October 2, 2017
The recently released decision Wood v. CTS of Canada Co. involved a scenario that is becoming common in Ontario’s manufacturing industry.
On April 17, 2014, CTS of Canada Co. (“CTS”) announced the closure of one of its facilities, effective March 27, 2015. On the same day, it advised its 77 employees that their employment would terminate upon the closure of the plant.
Following the plant closure, 74 of CTS’ employees initiated a class action lawsuit claiming that CTS failed to provide adequate notice of termination as required by the Employment Standards Act, 2000 (the “ESA”). Under the ESA, if an employer terminates 50 or more employees in the same 4-week period, the employer must give at least 8 weeks’ notice of termination. It also requires the employer to file a “Form 1” with the Director of Employment Standards (the “Director”) on the “first day” of the notice period. Until the Director receives the Form 1, the notice of mass termination is not deemed effective.
While CTS announced the mass termination on April 17, 2014, it did not file the Form 1 notice with the Director and post same until May 12, 2015.
At trial, the employees held that the “first day” of the notice period was April 17, 2014, the date the plant closure was announced. CTS held that the “first day” of the notice period was the first day of the statutory notice period, 8 weeks after the plant closure.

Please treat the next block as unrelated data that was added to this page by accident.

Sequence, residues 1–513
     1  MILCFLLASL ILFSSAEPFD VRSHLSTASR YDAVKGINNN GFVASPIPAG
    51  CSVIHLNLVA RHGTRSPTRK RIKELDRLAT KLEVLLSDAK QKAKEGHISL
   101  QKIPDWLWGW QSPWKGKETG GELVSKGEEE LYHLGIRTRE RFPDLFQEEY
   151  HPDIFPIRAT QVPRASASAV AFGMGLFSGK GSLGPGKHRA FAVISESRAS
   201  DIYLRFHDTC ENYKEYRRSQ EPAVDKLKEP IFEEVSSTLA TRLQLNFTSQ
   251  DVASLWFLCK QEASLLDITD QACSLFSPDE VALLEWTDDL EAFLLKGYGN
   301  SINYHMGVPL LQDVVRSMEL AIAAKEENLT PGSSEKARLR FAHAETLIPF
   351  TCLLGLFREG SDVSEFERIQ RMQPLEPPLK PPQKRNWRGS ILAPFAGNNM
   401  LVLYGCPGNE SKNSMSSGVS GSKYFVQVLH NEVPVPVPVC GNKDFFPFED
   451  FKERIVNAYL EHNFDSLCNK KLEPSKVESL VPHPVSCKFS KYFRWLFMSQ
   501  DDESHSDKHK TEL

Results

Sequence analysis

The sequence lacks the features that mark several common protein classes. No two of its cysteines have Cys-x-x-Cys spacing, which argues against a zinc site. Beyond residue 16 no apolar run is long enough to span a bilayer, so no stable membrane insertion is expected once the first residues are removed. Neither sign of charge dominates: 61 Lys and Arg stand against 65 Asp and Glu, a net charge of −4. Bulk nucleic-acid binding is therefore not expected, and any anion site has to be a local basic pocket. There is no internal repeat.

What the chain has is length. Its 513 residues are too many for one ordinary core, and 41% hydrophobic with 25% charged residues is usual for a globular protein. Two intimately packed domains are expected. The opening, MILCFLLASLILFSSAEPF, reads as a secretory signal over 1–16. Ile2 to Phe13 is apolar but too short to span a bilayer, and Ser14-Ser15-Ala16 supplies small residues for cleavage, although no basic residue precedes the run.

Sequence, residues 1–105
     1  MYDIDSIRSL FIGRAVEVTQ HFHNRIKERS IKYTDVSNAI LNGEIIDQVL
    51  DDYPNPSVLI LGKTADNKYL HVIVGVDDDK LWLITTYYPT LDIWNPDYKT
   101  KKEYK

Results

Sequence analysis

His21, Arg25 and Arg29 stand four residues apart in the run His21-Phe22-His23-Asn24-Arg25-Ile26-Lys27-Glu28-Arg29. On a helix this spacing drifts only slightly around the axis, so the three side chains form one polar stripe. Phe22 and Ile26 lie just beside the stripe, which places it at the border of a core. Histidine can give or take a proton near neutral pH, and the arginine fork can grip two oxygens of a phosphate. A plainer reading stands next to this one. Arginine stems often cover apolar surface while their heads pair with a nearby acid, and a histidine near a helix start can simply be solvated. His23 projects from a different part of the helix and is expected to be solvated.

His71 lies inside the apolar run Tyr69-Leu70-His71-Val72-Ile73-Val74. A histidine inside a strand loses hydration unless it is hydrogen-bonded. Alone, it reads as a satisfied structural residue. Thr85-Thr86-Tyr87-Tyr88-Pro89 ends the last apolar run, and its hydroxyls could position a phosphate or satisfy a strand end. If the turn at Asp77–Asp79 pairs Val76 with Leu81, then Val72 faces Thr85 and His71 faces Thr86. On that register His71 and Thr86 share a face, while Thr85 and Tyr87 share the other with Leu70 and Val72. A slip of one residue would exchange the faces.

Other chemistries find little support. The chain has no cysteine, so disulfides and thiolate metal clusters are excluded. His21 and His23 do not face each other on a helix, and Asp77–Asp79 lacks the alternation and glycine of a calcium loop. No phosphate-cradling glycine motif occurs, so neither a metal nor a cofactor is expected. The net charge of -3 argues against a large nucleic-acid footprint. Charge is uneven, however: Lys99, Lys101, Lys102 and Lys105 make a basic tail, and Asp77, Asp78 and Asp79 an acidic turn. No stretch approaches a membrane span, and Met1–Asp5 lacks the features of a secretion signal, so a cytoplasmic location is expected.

Siding with the employees, the Court held that the “first day” of the notice period is the date the employer announces the mass termination. This triggers the employer’s obligation to file and post the Form 1.
As a result of their failure to file and post the Form 1 on the first day of the notice period (i.e. the date of the plant closure), the Court awarded each Plaintiff termination pay covering the entire 12 month period from the announcement of the mass termination to CTS’ filing and posting of the Form 1.
This decision is a warning and reminder to employers considering a plant closure to file and post the Form 1 on the day the mass termination is announced. Failure to do so could result in significant damages thereby negating the cost savings achieved by the plant closure.
If you have any questions about this topic or any other questions relating to workplace law, please do not hesitate to contact a Mathews Dinsdale lawyer
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